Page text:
REGAIN Study Results Over the three-month treatment period, patients with chronic migraine treated with galcanezumab 120 mg and 240 mg doses experienced a statistically significantly greater decrease in the average number of monthly migraine headache days compared to patients treated with placebo. Statistically significant improvements for both doses of galcanezumab were observed at each month starting at one month of treatment.

A statistically significantly greater percentage of patients also achieved at least a 50 percent reduction in the number of migraine headache days compared to placebo over the three-month treatment period (27.6% for 120 mg and 27.5% for 240 mg compared to 15.4% for placebo, p<0.001 for both dosing groups) after multiplicity adjustment.

Compared with placebo over the three-month treatment period, a statistically significantly higher percentage of patients treated with the 240 mg dose of galcanezumab achieved at least a 75 percent reduction in the number of migraine headache days (8.8% compared to 4.5% for placebo, p<0.001) after multiplicity adjustment. Patients treated with the 240 mg dose of galcanezumab also achieved a statistically significantly greater reduction in the number of monthly migraine headache days with acute medication use compared to placebo over the three-month treatment period (an average of 4.3 days compared to 2.2 days for placebo, p<0.001) after multiplicity adjustment.

Patients treated with 240 mg of galcanezumab also saw statistically significant improvement in physical function compared to placebo over the three-month treatment period, as measured by both the RF-R domain score of the MSQ and PGI-S rating after multiplicity adjustment.

Lilly will submit these findings for publication in peer-reviewed journals in the coming year.

About the EVOLVE-1 and EVOLVE-2 Studies EVOLVE-1 and EVOLVE-2 are six-month Phase 3, randomized, double-blind, placebo-controlled global trials evaluating the safety and efficacy of two doses of galcanezumab administered subcutaneously (120 mg or 240 mg once-monthly, following a 240 mg starting dose) compared with placebo in 1,773 patients with episodic migraine (858 patients in EVOLVE-1 and 915 patients in EVOLVE-2). To be eligible for the trials, patients must have experienced between four and 14 migraine headache days per month. Patients that participated in these trials had an average of 9.1 migraine headache days per month at baseline. The primary endpoint was the mean change from baseline in monthly migraine headache days over the six-month, double-blind treatment phase.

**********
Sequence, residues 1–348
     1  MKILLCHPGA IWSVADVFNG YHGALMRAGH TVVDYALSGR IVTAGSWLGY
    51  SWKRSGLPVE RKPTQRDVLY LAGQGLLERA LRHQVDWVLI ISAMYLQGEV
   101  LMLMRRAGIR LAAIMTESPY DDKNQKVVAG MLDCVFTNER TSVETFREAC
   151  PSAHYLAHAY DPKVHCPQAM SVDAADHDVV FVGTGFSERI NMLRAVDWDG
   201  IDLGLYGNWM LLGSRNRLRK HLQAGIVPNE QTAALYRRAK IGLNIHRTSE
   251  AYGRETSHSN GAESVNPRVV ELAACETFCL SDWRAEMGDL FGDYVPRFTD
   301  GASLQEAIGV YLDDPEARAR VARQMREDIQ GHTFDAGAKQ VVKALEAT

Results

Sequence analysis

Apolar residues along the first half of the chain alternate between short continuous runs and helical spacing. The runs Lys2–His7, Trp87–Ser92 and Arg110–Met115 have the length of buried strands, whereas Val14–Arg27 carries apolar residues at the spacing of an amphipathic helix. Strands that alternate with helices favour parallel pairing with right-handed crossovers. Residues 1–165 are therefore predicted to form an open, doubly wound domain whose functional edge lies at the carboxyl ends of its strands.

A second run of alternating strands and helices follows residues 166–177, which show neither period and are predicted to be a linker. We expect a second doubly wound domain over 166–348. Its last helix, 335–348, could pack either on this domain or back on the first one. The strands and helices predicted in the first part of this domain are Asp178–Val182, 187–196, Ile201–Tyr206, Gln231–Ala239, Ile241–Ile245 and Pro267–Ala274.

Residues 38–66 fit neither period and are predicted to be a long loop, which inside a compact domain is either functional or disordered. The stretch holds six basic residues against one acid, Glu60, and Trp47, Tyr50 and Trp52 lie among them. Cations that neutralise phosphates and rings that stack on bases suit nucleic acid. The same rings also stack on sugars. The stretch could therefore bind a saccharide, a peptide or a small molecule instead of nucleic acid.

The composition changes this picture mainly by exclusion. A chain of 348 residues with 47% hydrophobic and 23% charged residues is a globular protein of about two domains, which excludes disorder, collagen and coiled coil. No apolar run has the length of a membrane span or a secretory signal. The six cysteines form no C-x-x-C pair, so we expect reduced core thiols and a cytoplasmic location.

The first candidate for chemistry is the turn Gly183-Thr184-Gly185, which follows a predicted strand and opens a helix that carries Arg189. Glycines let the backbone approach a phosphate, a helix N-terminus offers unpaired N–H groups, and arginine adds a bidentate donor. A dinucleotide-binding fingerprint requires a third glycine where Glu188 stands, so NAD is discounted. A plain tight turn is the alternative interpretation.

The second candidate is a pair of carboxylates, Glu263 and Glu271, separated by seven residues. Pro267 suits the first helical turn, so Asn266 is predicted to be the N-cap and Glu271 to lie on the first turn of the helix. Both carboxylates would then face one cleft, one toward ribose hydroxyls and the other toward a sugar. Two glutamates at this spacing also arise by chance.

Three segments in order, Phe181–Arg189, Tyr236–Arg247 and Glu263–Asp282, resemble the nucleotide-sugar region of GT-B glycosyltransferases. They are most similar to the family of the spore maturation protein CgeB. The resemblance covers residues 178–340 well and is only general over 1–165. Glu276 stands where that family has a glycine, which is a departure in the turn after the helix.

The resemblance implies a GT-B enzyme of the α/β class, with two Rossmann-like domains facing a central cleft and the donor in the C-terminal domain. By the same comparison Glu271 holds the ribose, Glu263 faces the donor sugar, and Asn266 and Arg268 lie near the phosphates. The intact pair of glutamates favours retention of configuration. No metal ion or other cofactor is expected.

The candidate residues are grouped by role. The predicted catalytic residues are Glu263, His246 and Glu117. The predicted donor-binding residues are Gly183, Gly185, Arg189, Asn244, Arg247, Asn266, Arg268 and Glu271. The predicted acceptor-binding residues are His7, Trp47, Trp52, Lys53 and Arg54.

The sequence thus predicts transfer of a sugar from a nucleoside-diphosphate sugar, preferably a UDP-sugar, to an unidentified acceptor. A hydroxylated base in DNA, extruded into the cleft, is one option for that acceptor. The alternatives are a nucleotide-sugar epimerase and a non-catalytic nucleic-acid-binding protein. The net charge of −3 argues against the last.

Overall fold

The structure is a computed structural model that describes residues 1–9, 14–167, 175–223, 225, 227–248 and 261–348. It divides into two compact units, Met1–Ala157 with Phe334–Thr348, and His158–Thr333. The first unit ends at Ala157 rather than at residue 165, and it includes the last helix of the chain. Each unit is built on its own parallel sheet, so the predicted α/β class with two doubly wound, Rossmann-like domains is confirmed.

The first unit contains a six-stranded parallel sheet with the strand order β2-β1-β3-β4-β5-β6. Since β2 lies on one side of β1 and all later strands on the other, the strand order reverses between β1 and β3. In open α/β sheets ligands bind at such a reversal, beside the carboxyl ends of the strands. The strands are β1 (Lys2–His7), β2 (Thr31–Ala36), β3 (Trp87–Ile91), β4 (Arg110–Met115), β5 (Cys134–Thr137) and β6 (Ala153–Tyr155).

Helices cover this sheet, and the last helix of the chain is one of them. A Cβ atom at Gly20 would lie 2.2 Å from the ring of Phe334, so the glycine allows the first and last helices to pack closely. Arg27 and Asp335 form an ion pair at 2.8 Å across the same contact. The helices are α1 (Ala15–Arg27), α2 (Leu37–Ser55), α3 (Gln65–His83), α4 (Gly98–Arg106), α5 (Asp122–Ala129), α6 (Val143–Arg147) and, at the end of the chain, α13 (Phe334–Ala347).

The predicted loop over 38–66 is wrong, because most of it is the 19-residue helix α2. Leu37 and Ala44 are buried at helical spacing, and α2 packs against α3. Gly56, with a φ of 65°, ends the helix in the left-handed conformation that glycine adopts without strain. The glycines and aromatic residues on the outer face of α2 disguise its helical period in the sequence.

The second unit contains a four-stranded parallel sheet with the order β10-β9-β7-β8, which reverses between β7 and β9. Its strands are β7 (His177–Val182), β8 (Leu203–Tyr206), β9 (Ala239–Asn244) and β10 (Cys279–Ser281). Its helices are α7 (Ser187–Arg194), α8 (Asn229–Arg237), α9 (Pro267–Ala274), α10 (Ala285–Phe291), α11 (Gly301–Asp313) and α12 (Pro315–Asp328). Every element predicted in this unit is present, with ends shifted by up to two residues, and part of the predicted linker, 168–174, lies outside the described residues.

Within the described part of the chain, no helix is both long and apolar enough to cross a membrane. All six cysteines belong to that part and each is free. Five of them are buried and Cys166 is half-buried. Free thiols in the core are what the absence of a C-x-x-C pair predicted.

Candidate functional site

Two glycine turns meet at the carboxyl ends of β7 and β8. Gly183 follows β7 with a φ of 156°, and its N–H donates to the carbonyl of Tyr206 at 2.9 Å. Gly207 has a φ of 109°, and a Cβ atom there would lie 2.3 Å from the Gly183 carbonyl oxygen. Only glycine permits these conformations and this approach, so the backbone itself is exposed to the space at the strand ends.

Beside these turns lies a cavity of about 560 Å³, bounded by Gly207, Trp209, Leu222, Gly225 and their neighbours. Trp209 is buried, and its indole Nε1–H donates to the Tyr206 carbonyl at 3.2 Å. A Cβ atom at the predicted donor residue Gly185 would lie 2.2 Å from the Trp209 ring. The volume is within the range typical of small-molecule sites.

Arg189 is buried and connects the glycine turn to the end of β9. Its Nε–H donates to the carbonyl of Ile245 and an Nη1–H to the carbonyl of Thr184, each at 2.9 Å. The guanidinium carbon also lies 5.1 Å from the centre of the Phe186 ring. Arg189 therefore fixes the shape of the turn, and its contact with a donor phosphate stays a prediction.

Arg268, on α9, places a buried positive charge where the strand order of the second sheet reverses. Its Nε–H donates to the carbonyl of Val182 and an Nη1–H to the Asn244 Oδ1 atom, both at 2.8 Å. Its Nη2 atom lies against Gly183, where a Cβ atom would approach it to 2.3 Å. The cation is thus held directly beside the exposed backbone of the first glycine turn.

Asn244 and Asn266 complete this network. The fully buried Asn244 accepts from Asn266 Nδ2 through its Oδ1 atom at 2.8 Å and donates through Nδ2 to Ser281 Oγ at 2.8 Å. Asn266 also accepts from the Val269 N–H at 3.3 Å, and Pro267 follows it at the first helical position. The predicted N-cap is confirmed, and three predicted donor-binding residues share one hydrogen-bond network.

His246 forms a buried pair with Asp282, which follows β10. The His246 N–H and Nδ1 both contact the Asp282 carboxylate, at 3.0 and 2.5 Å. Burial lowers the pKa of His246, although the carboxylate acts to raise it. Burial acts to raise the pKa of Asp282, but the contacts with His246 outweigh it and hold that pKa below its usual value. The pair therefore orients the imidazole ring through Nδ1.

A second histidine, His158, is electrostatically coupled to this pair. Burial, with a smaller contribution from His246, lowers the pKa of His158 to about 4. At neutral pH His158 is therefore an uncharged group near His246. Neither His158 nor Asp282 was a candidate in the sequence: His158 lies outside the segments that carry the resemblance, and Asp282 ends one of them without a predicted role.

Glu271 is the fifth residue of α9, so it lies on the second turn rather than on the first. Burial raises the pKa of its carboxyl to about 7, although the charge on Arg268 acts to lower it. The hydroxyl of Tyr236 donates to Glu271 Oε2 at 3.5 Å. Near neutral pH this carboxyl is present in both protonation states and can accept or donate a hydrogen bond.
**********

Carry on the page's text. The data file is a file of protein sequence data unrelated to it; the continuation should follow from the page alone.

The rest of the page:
About the REGAIN Study REGAIN is a three-month Phase 3, randomized, double-blind, placebo-controlled global trial evaluating the safety and efficacy of two doses of galcanezumab administered subcutaneously (120 mg or 240 mg once-monthly, following a 240 mg starting dose) compared with placebo in 1,113 patients with chronic migraine. To be eligible for the trial, patients must have experienced at least 15 headache days per month, of which at least eight met criteria for migraine. Patients that participated in the trial had an average of 19.4 migraine headache days per month at baseline. The primary endpoint was the mean change from baseline in monthly migraine headache days over the three-month, double-blind treatment phase. In REGAIN, galcanezumab was further evaluated for an additional nine months of an open-label extension phase following the three-month, double-blind treatment phase.

About Migraine Migraine is a disabling neurological disease characterized by recurrent episodes of severe headache, and is often accompanied by other symptoms including nausea, vomiting, sensitivity to light and sound, and changes in vision.i,ii More than 38 million Americans have migraine, with three times more women affected by migraine compared to men.iii Of the approximately 40 percent of patients suffering from migraine for whom prevention is appropriate, only 13 percent are currently receiving therapy.iv,v, vi Results from the Second International Burden of Migraine study show that side effects of treatment play a role in this disconnect, with up to 53 percent of respondents discontinuing migraine prevention therapy because of side effects.vii According to the Migraine Research Foundation, healthcare and lost productivity costs associated with migraine are estimated to be as high as $36 billion annually in the U.S., yet it remains under-recognized and under-treated.3,7